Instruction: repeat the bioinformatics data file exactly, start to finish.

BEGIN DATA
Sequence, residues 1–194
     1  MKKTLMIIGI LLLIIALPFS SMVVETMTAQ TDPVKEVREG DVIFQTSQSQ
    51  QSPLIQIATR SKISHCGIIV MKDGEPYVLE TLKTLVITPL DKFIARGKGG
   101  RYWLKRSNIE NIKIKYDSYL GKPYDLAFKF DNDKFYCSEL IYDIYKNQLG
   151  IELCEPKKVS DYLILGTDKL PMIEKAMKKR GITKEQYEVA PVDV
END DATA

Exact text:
Sequence, residues 1–194
     1  MKKTLMIIGI LLLIIALPFS SMVVETMTAQ TDPVKEVREG DVIFQTSQSQ
    51  QSPLIQIATR SKISHCGIIV MKDGEPYVLE TLKTLVITPL DKFIARGKGG
   101  RYWLKRSNIE NIKIKYDSYL GKPYDLAFKF DNDKFYCSEL IYDIYKNQLG
   151  IELCEPKKVS DYLILGTDKL PMIEKAMKKR GITKEQYEVA PVDV